|(Workshop participants with facilitators; me at extreme right)|
The following is my reflection of the workshop.
Day one: I felt quite inquisitive in the first day of the workshop yet many of the concepts and terms introduced by the facilitator (Dr. Deki C Jamtsho) were not so comprehensible (it’s not because the facilitator was unconvincing but was due to my limited capacity to understand the concepts). I heard some terms for the first time, for instance “Bracketing” which in research term would mean keeping aside the preconditioned thoughts while gathering qualitative data. Even the explanation of “paradigms” was puzzling to me. Nonetheless, the discussion of characteristics of (qualitative) research made me understand more about it. Also, I have come to know the differences between qualitative and quantitative research. The session concluded with participants (in groups) from each college identifying research topic for writing proposal, which is to be presented in the last session of the last day of workshop.
Day 2: The second day had been more convincing and the lessons were all delivered in mixed mode: Lecture and activities. The first two morning sessions have been on writing a quality research proposal. We were explained on how to craft topic sentences, write problem statement, purpose statement, research questions and how to choose design and method. The participants shared their individual compositions and discussed in the room. It gave us hands-on practice which we all found useful. After the lunch, we were briefed on the referencing techniques by Ctherine Bennet, lecturer in Academic Skills with Gaeddu College. She also made us to practically use referencing tool from the Microsoft document. I teach referencing to my students but I used the referencing tool for the first time in the workshop. I realized then that, it is much more easy to use the software (which is inbuilt with Ms Document) to prepare reference list rather than doing manually. Finally, the fourth session was totally practice session; in college groups again, we were given task to draft the research proposal taking ideas from what facilitator(s) explained. The second day has been much more informative as I began to understand the concepts clearly from what we have been elucidated.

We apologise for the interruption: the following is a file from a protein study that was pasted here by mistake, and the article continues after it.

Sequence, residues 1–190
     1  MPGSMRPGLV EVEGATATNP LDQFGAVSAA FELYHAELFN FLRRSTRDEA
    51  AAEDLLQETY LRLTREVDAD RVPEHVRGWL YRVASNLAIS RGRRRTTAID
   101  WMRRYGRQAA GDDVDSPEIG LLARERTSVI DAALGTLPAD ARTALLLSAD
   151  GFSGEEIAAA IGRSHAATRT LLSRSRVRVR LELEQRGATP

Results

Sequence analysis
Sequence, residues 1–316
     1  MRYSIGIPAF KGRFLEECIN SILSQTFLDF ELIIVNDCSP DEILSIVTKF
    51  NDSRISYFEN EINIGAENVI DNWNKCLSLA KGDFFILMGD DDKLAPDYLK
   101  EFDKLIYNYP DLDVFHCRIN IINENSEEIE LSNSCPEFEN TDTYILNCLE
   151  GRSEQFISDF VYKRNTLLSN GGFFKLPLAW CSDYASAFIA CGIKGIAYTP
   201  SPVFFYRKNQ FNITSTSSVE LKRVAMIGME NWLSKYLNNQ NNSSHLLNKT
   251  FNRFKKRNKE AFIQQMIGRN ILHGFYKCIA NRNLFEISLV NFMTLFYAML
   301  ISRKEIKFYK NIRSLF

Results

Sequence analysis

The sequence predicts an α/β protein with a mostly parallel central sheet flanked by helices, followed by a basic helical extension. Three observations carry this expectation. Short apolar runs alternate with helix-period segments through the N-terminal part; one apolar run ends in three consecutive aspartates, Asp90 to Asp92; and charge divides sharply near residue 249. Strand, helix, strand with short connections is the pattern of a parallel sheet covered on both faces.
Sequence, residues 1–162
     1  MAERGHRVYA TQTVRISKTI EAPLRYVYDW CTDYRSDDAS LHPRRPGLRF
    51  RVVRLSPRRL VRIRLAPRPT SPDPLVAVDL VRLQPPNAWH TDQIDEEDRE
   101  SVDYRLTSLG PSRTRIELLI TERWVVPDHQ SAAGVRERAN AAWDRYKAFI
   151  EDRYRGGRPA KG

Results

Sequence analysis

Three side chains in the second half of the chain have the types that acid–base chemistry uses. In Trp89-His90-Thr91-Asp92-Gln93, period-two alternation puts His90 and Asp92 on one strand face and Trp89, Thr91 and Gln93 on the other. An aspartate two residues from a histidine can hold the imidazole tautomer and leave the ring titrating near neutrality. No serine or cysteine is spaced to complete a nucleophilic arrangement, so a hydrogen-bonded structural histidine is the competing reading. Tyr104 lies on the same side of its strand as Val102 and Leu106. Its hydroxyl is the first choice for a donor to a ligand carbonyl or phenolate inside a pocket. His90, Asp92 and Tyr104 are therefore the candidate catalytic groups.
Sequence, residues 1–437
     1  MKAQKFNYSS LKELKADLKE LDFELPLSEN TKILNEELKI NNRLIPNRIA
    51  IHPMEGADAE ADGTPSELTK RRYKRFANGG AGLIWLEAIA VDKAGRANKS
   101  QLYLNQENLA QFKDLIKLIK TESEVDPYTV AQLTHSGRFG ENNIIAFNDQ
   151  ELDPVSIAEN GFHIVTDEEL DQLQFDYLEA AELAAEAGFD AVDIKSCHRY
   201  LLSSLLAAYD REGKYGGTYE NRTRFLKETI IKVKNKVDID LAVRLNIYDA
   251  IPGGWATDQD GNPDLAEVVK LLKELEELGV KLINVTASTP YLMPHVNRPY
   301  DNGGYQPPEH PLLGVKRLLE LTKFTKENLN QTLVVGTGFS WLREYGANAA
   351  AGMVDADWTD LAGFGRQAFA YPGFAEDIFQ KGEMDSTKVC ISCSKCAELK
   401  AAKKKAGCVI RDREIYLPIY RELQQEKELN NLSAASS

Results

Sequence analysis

Day 3: On the third day, we were highlighted on the importance of qualitative interviews. Dr. Gembo Tshering touched on features, threats and recommendations for interviews. We were also trained on how to take notes while interviewing. The hands-on practice in interviewing individual and focal groups was worth it; all did seriously and everyone had inspiring experiences to share. The more informative session was the session on transcribing the recordings of interviews. In fact, after having listened to many clues, rules and recommendations, and practical sessions, my confidence for qualitative interview has increased. At least, I have the clear idea on how to generate data from the interviews. Also, I am now aware of the need to consider ethical issues while conducting qualitative research.
Day 4: We started analyzing and interpreting the gathered data (transcribed interview) from the fourth day. Participants were introduced to different types of coding: open coding to selective, and methods of interpretation. And then, were asked to code and find the themes, patterns and have axial coding. This task made us aware how the research data interpretation is being done to come up with conclusions. Of the many lessons, I found the coding lesson very important and relevant to me whose interest is on qualitative research. Assuming that we have conducted research, the next topic for discussion was then on how to write good report for information dissemination. Dr. Gembo also talked a little on proposal writing although it was covered in detail by Dr. Deki. Dr. Gembo made interesting by relating his own personal story; how his proposal has been accepted; that was encouraging.
The fourth day was also found resourced by Cathrine Bennet on verifying good sources. Also, two IIM professors joined us to highlight and share their experiences of research. It was good opportunity for us all as we could get ideas from different experts on research.
Day 5: The first two morning sessions of the last day of the workshop had been completely participant-centered. Each college presented their research proposal in front of two facilitators. Every presentation was then followed by questions, answers and comments. At least five proposals from five colleges have been presented. Also, what was interesting was that, all participants had something to say about the workshop from their daily diary; it was undeniable that each one of us had something to take from the workshop. As a matter of fact, I personally found all participants full of enthusiasms, satisfied and ready to take another extra initiative in carrying research anytime soon. All’s well as we ended well-so as we dispersed ourselves to different destinations, we departed having developed intimacy among ourselves however short the duration could have been.